The VT.1 is the Type designation given to the Western Electric Type J by the American Signal Corps. It is also named as part of the WE 203 series as 203A. The American Navy called the valve CW-933.
The valve itself is a rugged triode designed for use as a detector, amplifier or local oscillator. During WWI (1914-1918) Western Electric produced around half a million valves of the VT1 and VT2 type.
In the main image shows deep scoring above the VT1. Within the scratches can be made out the words Signal Corps. This suggests a surplus tube from after the end of WWI when such valves were made available to radio amateurs.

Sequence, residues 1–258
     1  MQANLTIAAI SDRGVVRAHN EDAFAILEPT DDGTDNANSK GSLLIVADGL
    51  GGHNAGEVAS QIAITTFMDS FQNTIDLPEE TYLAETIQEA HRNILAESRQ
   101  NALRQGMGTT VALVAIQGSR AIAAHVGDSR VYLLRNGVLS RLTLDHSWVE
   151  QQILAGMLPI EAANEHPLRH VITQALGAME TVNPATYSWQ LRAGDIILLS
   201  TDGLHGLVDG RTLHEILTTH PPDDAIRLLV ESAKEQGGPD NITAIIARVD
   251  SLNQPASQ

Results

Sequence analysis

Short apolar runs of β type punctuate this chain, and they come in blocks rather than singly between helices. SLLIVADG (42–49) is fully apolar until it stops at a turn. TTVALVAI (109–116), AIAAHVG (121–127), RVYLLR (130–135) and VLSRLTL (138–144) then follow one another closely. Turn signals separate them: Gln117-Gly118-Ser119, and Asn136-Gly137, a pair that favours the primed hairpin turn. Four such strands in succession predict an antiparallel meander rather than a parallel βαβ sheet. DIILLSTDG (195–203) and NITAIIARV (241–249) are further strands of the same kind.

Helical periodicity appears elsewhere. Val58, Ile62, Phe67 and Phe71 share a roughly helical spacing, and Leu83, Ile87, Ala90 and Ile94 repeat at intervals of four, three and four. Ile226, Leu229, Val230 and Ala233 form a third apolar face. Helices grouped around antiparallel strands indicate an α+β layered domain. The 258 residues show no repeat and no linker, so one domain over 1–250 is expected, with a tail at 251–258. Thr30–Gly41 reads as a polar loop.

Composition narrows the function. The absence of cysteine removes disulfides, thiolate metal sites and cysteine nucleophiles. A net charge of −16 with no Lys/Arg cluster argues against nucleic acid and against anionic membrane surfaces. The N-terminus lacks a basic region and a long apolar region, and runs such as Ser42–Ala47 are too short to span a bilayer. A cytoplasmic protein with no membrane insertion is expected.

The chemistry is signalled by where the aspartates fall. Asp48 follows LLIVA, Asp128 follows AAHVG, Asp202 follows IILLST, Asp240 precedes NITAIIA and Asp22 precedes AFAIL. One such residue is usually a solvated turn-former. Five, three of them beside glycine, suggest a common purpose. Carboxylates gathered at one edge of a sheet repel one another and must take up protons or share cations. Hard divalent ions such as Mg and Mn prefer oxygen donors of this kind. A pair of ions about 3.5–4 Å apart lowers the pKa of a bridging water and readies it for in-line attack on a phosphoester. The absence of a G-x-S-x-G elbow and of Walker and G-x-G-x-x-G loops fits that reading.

The construction is of a central inverted V filament of twisted tape with grid and anode either side.
The ladder grid is folded into two sections of 15 rungs. The grid has been stamped out of a sheet. The anode is corrugated for strength.
The seam of the base cap and within the filament tension spring.
The ladder grid and anode with central pressing to add extra rigidity to the thin sheet.
The twists in the filament are easier to see in this image. The locating pip for the bayonet base is clearly seen.
Using the μTracer this plot was produced. Note the very low current from this ancient valve.
The wide glass tube envelope is 34 mm in diameter, and excluding the base pins is 96 mm tall.
References: 1047 & internet. Type VT1 was first introduced in 1917.